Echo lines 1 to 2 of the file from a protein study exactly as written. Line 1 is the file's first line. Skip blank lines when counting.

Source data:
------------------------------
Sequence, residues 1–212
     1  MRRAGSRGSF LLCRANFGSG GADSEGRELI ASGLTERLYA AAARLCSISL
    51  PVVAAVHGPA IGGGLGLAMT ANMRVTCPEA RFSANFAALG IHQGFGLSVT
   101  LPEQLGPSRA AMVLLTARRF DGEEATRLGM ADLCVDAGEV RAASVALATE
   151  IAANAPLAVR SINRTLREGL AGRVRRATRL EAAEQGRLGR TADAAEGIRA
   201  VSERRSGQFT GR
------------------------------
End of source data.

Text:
Sequence, residues 1–212
     1  MRRAGSRGSF LLCRANFGSG GADSEGRELI ASGLTERLYA AAARLCSISL